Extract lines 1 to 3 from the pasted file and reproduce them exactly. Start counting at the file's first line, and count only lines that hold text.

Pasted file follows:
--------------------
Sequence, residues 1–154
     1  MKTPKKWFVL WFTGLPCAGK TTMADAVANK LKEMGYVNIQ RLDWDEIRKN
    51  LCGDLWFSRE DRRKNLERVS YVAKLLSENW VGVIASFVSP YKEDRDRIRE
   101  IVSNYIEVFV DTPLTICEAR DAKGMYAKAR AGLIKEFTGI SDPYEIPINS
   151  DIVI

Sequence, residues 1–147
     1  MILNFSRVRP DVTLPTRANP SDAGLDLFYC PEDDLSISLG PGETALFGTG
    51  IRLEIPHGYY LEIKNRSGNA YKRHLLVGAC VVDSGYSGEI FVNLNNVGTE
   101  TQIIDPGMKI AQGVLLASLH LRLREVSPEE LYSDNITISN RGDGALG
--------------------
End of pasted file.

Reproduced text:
Sequence, residues 1–154
     1  MKTPKKWFVL WFTGLPCAGK TTMADAVANK LKEMGYVNIQ RLDWDEIRKN
    51  LCGDLWFSRE DRRKNLERVS YVAKLLSENW VGVIASFVSP YKEDRDRIRE